Jurisdictional Characteristics Planning Authority/Discretion Home rule: considerable variation across states Counties and Municipalities (large and small) Large municipalities much more comprehensive Land Development approaches Building codes Comprehensive planning versus no planning Jurisdictions with comprehensive/general plans displayed more comprehensive HM policies/strategies Hazard Mitigation Plans; do they make a difference? Limited to no difference between jurisdictions with or without a LHMP
Capacity Capacity: essentially the ability of a community and its organizations to do what “it” needs or wants to do; undertake actions, develop and implement policies and strategies; ability to respond effectively to change, etc. Typical indicators: financial, human, physical and social capital/resources. We employed: budget, personnel, training, intra governmental support, community support for planning, additional financial resources, data and informational resources.
Capacity Findings: Capacity has a positive effect on the overall extent to which HM policies and strategies are utilized Particularly significant for: Building standards/codes; implementing federal incentives, and property acquisition programs Rough order of indicator importance. data and informational resources, additional financial resources community support for planning intra governmental/agency support training budget, personnel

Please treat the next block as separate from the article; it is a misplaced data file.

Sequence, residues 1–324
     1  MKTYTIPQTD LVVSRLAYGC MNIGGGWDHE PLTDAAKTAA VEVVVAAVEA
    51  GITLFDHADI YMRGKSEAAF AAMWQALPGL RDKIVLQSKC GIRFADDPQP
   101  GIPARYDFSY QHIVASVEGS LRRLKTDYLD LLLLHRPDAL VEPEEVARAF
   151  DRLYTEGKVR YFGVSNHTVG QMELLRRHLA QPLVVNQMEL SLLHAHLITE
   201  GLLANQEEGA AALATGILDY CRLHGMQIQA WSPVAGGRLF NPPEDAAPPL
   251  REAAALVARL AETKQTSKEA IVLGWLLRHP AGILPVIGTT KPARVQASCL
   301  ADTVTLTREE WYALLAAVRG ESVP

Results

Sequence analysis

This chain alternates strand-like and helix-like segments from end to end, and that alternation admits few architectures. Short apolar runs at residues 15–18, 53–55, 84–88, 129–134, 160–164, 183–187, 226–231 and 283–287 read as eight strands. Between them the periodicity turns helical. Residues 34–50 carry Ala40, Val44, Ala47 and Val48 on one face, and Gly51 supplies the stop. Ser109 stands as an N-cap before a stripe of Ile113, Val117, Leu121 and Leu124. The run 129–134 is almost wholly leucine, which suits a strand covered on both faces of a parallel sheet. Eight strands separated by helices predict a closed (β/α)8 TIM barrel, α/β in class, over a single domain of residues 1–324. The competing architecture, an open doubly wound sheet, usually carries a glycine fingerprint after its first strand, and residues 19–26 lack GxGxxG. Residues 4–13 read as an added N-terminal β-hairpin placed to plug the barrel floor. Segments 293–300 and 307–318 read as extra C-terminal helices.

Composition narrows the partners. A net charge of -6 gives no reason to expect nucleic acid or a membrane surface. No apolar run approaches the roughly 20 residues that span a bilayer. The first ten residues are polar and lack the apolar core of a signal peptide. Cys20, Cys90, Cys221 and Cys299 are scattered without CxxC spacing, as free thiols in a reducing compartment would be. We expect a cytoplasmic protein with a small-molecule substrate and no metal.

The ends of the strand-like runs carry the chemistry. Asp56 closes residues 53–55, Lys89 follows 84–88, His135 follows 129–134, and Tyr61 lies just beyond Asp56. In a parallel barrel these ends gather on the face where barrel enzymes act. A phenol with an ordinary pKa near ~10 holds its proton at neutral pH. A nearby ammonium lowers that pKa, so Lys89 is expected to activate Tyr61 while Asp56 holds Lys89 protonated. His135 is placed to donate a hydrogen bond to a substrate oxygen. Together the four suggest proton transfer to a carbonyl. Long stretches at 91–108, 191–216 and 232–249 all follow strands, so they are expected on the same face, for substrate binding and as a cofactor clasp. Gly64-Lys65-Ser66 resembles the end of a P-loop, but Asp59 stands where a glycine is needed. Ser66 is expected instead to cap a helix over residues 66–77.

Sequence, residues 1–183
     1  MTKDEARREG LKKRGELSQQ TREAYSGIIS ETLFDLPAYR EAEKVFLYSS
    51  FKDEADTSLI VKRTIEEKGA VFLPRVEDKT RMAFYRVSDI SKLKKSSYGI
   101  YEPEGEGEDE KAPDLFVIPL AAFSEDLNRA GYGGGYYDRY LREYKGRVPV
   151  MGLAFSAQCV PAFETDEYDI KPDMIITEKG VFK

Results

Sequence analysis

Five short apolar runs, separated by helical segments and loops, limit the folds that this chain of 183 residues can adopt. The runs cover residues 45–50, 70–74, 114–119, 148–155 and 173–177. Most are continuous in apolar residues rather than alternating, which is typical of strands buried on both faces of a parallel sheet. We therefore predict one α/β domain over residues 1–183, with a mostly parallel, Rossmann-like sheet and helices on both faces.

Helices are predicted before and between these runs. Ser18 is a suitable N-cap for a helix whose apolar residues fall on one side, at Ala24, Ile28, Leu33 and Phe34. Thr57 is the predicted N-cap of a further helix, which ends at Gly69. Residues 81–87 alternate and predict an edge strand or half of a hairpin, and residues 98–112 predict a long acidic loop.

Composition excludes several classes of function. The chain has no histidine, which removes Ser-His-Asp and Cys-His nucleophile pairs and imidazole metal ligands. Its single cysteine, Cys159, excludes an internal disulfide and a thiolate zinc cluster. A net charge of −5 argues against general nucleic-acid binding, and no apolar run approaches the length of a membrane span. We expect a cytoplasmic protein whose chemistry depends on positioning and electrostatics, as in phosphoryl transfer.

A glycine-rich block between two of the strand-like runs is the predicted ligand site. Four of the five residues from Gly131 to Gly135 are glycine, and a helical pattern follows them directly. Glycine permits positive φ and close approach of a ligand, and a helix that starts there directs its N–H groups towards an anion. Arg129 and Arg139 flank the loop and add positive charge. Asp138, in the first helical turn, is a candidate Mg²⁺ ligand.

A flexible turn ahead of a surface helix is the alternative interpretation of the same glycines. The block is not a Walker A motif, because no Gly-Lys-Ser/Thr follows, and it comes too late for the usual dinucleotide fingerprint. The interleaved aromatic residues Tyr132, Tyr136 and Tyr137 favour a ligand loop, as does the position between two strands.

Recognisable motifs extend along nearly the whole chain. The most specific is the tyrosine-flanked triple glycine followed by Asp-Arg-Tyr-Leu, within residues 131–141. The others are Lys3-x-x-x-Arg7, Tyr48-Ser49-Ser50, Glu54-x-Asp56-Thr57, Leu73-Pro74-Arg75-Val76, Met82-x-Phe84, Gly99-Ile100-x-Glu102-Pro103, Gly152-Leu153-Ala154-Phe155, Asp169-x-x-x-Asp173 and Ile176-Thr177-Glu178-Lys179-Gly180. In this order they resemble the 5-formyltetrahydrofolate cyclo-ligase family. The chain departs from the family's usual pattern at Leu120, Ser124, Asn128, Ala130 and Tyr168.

Commitment Commitment: essentially concerned with “buy-in” to the goals of mitigation, endorsement, investment of resources, involvement, promoting actions toward mitigation goals Typical indicators are diverse: capturing the degree of dedication, engagement, or buy in by jurisdictional and extra-jurisdictional agencies and constituencies. We employed: inter-jurisdictional agreements, intra-governmental involvement, MOUs among community organizations/associations, involvement with state agencies FTE allocation of agency personnel.
Commitment Findings: Commitment: positive and extremely important impact on the overall extent to which HM policies and strategies are utilized Findings suggests increasing payoff for commitment Particularly significant for: development regulations, resource protection, information dissemination, incentives, property acquisition, facility policies, pub-private initiatives, building professionals (8 of 10). Rough order of indicator importance: intra-governmental involvement inter-jurisdictional agreements FTE allocation of agency personnel involvement with state agencies MOUs among community organizations
Making Mitigation Matter: Summary Recognize variability in planning authority/discretion Promoting appropriate programs and strategies depending on authority Consider and promote upgrading of authority/discretion when appropriate Promote comprehensive planning and inclusion of mitigation/recovery elements Enhance Jurisdictional capacity Data/information, additional financial resources, and community support for planning Enhance jurisdictional commitment Intra-governmental involvement, inter-governmental agreements, dedication of agency time, involvement with state agencies Seek the double and triple bottom line Environmental restoration, mitigation, social vulnerability, transportation, water conservation etc., etc.